Indoor air pollution: what you need to knowback to article list
You’ve probably heard about ‘indoor air pollution’ but not many homeowners know what it is, where it comes from, how to identify it or how to clean it up and that’s because it’s something that isn’t typically measured in residential spaces.
However, in commercial spaces, where people work, it is a legal requirement to have indoor air quality that falls within certain parameters.
The purpose of measuring indoor air quality is to determine the comfort levels of the worker who must work in a setting for eight hours a day, five days a week.
SGS business development executive Caitlin Meredith says the test used in commercial settings is the Workplace Exposure Standard (WES) which measures the four facets of comfort: relative humidity (shown as a percentage); temperature; carbon dioxide; and carbon monoxide. The measurement is based on an eight-hour time-weighted average and a direct reading can be taken from a handheld monitor.
When it comes to residential settings, indoor air quality isn’t routinely tested, unless the effects of air pollutants are being experienced, such as asthma, headaches, coughing, sneezing, fatigue, dizziness, and irritation of the eyes, nose, throat or skin.
How do you test for air pollutants?
When it comes to measuring air pollution, or toxins in the air, Meredith says an air sample must be taken. Air samples can test for dust (inhalable or respirable); volatile organic compounds (VOCs) - which are chemical substances that become airborne at room temperature and can be inhaled (such as formaldehyde); hydrocarbon; asbestos; mould and a lot of “-esters”.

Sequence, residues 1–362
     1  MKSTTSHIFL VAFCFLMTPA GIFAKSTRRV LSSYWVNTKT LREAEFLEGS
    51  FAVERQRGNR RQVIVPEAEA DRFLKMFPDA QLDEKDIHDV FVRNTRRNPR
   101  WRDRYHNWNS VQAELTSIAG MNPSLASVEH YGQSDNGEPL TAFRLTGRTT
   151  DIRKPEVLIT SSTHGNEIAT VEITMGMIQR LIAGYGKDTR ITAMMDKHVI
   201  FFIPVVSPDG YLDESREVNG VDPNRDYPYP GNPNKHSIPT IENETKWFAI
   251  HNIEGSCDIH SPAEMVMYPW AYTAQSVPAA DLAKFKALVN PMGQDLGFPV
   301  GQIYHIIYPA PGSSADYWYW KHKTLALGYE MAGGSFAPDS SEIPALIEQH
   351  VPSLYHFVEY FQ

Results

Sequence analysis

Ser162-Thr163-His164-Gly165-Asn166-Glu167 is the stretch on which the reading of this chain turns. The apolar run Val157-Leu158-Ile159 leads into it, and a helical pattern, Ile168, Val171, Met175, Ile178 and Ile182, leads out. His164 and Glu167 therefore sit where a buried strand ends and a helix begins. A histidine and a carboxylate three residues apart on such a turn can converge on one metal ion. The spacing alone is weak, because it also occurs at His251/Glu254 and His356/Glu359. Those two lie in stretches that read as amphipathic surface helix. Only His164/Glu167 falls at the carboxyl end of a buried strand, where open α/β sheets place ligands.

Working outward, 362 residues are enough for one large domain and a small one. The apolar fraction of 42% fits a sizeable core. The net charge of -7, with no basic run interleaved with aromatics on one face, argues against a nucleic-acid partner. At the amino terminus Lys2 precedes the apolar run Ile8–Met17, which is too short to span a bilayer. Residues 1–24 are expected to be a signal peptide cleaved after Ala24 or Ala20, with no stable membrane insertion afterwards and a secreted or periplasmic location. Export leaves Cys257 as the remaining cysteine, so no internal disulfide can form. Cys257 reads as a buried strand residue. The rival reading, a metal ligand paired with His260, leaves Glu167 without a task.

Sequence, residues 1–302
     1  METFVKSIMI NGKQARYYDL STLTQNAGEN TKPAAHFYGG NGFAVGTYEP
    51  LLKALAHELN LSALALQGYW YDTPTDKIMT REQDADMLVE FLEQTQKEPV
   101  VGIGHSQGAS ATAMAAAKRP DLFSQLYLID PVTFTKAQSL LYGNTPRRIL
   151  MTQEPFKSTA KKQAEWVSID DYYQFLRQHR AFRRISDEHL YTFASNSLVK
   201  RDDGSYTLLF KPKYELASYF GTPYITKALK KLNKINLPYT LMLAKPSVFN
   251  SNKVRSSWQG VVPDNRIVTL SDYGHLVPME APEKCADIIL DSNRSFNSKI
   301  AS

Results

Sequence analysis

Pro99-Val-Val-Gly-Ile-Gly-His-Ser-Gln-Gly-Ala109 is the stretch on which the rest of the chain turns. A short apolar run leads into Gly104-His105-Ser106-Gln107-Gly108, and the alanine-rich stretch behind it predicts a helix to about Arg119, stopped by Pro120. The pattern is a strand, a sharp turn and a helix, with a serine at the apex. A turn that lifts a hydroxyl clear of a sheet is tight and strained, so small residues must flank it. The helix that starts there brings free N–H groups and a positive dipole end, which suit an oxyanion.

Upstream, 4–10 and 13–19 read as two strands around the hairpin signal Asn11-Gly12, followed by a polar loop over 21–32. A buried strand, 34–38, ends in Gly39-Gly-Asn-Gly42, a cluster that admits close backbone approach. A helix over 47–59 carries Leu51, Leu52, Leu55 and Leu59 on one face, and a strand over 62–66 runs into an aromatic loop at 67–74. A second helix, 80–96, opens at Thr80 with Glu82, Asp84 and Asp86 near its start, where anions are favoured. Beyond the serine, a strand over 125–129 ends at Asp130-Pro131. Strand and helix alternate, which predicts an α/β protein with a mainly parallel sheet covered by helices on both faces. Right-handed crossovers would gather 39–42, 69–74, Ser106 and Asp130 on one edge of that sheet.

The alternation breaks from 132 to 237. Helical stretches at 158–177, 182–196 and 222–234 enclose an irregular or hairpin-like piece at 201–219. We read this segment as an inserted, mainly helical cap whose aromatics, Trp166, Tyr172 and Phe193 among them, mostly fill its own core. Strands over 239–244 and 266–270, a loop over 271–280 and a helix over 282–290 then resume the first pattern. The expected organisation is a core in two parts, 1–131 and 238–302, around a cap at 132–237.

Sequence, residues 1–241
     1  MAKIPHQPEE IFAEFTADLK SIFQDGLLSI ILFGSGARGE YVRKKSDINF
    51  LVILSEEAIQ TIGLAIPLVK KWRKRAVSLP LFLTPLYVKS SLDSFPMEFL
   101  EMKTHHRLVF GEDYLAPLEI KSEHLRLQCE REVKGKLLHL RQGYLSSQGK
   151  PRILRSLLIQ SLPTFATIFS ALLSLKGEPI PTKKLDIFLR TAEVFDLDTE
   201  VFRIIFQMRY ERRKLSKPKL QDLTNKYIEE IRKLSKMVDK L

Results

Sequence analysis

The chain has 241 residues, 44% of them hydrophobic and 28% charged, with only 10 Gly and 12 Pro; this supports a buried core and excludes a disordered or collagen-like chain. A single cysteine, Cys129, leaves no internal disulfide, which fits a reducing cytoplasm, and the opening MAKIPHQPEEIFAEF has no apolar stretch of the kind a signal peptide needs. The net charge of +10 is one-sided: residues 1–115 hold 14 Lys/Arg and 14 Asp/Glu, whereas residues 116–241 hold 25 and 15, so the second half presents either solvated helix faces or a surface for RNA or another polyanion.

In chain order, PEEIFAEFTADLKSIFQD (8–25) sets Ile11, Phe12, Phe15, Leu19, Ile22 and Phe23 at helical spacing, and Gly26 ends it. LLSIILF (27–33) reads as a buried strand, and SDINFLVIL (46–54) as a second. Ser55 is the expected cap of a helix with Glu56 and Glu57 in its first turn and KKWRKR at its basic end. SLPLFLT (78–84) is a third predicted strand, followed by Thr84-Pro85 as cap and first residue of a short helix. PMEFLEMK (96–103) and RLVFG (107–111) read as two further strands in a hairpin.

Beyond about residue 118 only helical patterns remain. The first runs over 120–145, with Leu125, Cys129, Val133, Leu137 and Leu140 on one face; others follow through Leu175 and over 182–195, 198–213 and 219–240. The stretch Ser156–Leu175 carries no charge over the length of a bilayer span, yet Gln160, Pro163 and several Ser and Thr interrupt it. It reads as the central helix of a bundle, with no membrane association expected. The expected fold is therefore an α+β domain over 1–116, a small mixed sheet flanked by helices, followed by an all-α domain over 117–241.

Common sources of air pollutants include airborne particles from indoor fireplaces, carbon monoxide and nitrogen dioxide from un-flued gas heaters, leaking chimneys, car exhaust gases in attached garages, airborne sprays from air fresheners, pesticides and cleaners, and bacteria from animal fur and pest droppings.
Keeping these pollutants out of your air is vital for good health.
“I think [indoor air quality] is something that people need to be more aware of,” says Meredith. “The last thing you want in your home is for your home to make you sick.”
Some pollutants in air quality can have serious adverse effects, such as asthma, increased hospital visits and illnesses from exposure to mould, particularly for the very young and elderly.
But air pollutants can also be fatal.
“A lot of these things take so long to take effect. Asbestosis takes 20 to 30 years to even see the symptoms – you can’t see it, you can’t smell it, you don’t even know if it’s there”
One common pollutant Meredith tests for in commercial settings is for VOC formaldehyde, which is used in some adhesives for wallpaper and flooring and can be released into the air with the rubbing of carpet fibres, for example.
“It’s something that we get a lot, especially when it comes to new buildings.”
So how can we prevent indoor air pollution?
If you suspect your indoor air quality isn’t at its best, or you simply want to know how it fares, you can have your home tested for specific contaminants. However, if you are renovating, it’s a great chance to prevent further pollutants from coming into your home.
Here are a few ways you can reduce indoor air pollution:
- Choose safe materials: Using building materials and products that are unlikely to emit toxins is your best chance to reduce air pollution. Choose materials that are pre-finished, are low or zero VOC and use water as the solvent (such as water-based paints).
- Ventilate your home: Ventilation helps remove air pollutants and brings in healthy air – it’s crucial to ventilate during and after a renovation to remove VOCs. In an ideal world, you’d be best not to use renovated rooms for one to two months after construction ends – particularly for babies’ rooms.
- Insulate: Your best defence against mould spores polluting your air is high-quality insulation – so don’t skimp on this in your budget, it will have massive health benefits for years to come.